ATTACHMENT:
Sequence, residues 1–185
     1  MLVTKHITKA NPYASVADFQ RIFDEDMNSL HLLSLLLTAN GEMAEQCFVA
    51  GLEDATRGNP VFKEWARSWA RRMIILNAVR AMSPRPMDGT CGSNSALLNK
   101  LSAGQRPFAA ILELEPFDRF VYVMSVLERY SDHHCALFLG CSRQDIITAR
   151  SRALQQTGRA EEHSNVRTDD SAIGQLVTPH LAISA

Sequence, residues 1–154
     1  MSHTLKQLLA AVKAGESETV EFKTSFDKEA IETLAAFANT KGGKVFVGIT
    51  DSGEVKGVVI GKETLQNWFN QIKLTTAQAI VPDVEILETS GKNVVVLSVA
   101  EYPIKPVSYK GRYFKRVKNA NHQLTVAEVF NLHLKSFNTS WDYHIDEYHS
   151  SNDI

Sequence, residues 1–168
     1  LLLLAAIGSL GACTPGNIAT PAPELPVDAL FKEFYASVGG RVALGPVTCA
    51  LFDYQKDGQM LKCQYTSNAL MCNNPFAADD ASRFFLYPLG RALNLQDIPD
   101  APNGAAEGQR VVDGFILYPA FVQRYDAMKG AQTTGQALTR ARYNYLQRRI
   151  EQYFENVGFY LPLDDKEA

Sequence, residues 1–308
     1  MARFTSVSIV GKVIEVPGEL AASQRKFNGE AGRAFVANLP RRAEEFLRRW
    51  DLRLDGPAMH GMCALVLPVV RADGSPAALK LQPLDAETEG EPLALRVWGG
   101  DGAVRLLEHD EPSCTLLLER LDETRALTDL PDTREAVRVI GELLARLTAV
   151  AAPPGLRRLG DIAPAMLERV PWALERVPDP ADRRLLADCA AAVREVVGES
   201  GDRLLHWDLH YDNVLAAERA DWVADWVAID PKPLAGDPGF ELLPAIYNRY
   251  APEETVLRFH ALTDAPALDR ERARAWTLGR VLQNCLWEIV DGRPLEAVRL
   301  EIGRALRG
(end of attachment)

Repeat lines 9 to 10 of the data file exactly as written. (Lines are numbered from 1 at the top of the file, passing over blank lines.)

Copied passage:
   101  EYPIKPVSYK GRYFKRVKNA NHQLTVAEVF NLHLKSFNTS WDYHIDEYHS
   151  SNDI